SHANGHAI -- As early as 5 a.m., men on electric bikes begin to arrive at a street in the western outskirts of the Jiangsu Province city of Xuzhou, a gathering point for day laborers. By shortly after 6 a.m., their ranks have swelled into the hundreds.
Brokers rattle off the jobs on offer -- "interior construction, 200 yuan ($28) a day, up to three days," one says. Once a broker and laborer agree on terms, the worker heads directly to the job site.
Among those seeking work is a 59-year-old Zhao Xiping, who has had next to no luck finding employment lately. The coronavirus pandemic has reduced demand for day laborers, and those that are hiring want strong, healthy young people.
Zhao, born in a poor farming village, can write only the Chinese characters in his name. This "is the only work I can take," he laments while eating a 1-yuan scallion pancake. It is after 11 a.m., and the site is nearly deserted.
China reported a 6% unemployment rate in April, 1 percentage point higher than a year earlier. But the official survey looks only at urban areas, and so it misses the laborers who have returned to their rural villages after failing to find work. Nearly 20 million such workers remain in their hometowns, by one estimate.
Zhao Yuanhao who teaches at a university in the central city of Luoyang frequently travels to Luanchuan County, two hours away by car. The professor is drawing on his experience running an e-commerce business to help residents sell specialty products such as mushrooms online, in a place that was until last year on the government's list of "impoverished" areas.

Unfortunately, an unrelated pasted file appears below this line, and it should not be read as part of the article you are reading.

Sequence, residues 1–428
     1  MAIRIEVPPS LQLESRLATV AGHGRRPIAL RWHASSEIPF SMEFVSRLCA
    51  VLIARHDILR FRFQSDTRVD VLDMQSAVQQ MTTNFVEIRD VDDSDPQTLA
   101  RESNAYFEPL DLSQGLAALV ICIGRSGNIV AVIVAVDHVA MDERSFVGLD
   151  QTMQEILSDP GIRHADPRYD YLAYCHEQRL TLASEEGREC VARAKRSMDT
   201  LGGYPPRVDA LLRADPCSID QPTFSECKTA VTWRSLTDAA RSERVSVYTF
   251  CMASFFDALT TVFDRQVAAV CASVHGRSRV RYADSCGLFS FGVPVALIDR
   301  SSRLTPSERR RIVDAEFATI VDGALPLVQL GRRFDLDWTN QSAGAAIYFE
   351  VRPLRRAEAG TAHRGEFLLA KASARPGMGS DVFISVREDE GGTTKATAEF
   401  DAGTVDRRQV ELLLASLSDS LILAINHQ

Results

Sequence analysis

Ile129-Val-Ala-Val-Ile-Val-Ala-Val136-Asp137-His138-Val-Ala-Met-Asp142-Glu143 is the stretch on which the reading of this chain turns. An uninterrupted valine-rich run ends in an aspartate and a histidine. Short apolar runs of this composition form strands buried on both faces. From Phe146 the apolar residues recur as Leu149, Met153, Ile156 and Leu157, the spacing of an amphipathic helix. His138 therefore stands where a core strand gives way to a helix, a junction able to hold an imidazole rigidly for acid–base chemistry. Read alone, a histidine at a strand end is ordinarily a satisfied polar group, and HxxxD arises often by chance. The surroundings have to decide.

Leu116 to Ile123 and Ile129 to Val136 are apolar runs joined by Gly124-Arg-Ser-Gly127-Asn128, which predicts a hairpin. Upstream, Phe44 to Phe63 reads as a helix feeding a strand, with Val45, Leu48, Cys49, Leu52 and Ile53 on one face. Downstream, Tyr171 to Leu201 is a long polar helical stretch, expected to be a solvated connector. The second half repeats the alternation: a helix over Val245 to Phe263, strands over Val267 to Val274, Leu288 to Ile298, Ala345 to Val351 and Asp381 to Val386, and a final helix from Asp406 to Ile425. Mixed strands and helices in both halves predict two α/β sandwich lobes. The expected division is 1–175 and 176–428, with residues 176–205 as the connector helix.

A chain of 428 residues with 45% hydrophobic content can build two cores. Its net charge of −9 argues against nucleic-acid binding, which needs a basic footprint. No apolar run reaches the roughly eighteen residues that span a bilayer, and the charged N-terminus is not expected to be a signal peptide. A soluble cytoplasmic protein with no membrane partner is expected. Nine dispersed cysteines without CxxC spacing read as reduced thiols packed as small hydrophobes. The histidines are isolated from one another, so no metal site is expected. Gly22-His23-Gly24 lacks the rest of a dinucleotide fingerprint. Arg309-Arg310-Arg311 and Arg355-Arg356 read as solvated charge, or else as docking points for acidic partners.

His results have been mixed. In a village where annual disposable income averages 13,000 yuan per person, only a handful of households have computers, and it is difficult to market effectively with just a cheap smartphone.
"These are people whose only work experience is with farming," Zhao said. He is pressed for time: Migrant workers will be returning soon, and the town cannot escape poverty without money coming in.
President Xi Jinping's government recently approved a roughly $500 billion stimulus package. With the National People's Congress having just convened in late May after a two-month delay due to the coronavirus, it will take some time for aid to reach rural areas.
Yet some are already positioning themselves to cash in on a hoped-for windfall.
A high-pitched clanging sound rings out from a steelworks in the city of Changzhou, about four hours away from Xuzhou. Production of low-quality steel from scrap metal, which authorities had cracked down on in recent years, has sprung back to life. Steelmakers, anticipating a rise in prices thanks to public works projects and monetary easing, have been quick to ramp up production.
Xi's government is rushing to secure workers for government projects. But the effect will be only temporary, and regional economies risk being left more reliant than ever on debt. Allaying the frustrations of rural citizens to guard against social unrest will be a critical challenge for Xi.